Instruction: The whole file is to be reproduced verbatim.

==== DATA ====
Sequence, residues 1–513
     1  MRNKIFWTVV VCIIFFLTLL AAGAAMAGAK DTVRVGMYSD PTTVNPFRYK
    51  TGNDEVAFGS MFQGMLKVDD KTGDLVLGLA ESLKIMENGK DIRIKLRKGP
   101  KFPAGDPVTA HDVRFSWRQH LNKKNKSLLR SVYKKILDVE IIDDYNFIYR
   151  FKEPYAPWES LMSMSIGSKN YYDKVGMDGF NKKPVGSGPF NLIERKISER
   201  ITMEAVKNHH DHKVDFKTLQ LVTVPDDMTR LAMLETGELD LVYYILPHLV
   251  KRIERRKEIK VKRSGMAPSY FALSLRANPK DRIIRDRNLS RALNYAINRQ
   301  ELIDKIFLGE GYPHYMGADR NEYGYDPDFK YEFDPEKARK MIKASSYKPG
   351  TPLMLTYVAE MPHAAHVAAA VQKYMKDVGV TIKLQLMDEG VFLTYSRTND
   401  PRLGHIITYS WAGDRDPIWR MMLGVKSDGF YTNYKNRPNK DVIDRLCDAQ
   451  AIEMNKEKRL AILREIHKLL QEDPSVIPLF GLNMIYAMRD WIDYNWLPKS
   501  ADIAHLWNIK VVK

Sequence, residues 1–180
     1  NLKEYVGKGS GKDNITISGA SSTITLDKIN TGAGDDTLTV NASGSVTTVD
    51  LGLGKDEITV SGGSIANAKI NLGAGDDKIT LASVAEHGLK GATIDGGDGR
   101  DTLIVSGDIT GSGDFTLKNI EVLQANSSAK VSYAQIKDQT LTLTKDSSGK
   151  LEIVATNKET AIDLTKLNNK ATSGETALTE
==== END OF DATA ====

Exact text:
Sequence, residues 1–513
     1  MRNKIFWTVV VCIIFFLTLL AAGAAMAGAK DTVRVGMYSD PTTVNPFRYK
    51  TGNDEVAFGS MFQGMLKVDD KTGDLVLGLA ESLKIMENGK DIRIKLRKGP
   101  KFPAGDPVTA HDVRFSWRQH LNKKNKSLLR SVYKKILDVE IIDDYNFIYR
   151  FKEPYAPWES LMSMSIGSKN YYDKVGMDGF NKKPVGSGPF NLIERKISER
   201  ITMEAVKNHH DHKVDFKTLQ LVTVPDDMTR LAMLETGELD LVYYILPHLV
   251  KRIERRKEIK VKRSGMAPSY FALSLRANPK DRIIRDRNLS RALNYAINRQ
   301  ELIDKIFLGE GYPHYMGADR NEYGYDPDFK YEFDPEKARK MIKASSYKPG
   351  TPLMLTYVAE MPHAAHVAAA VQKYMKDVGV TIKLQLMDEG VFLTYSRTND
   401  PRLGHIITYS WAGDRDPIWR MMLGVKSDGF YTNYKNRPNK DVIDRLCDAQ
   451  AIEMNKEKRL AILREIHKLL QEDPSVIPLF GLNMIYAMRD WIDYNWLPKS
   501  ADIAHLWNIK VVK

Sequence, residues 1–180
     1  NLKEYVGKGS GKDNITISGA SSTITLDKIN TGAGDDTLTV NASGSVTTVD
    51  LGLGKDEITV SGGSIANAKI NLGAGDDKIT LASVAEHGLK GATIDGGDGR
   101  DTLIVSGDIT GSGDFTLKNI EVLQANSSAK VSYAQIKDQT LTLTKDSSGK
   151  LEIVATNKET AIDLTKLNNK ATSGETALTE